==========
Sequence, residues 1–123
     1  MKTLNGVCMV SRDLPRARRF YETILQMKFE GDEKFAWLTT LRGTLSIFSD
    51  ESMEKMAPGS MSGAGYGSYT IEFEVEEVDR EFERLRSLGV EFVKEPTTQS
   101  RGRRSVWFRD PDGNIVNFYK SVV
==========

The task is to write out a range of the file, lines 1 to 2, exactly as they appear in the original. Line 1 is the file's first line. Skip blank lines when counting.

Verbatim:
Sequence, residues 1–123
     1  MKTLNGVCMV SRDLPRARRF YETILQMKFE GDEKFAWLTT LRGTLSIFSD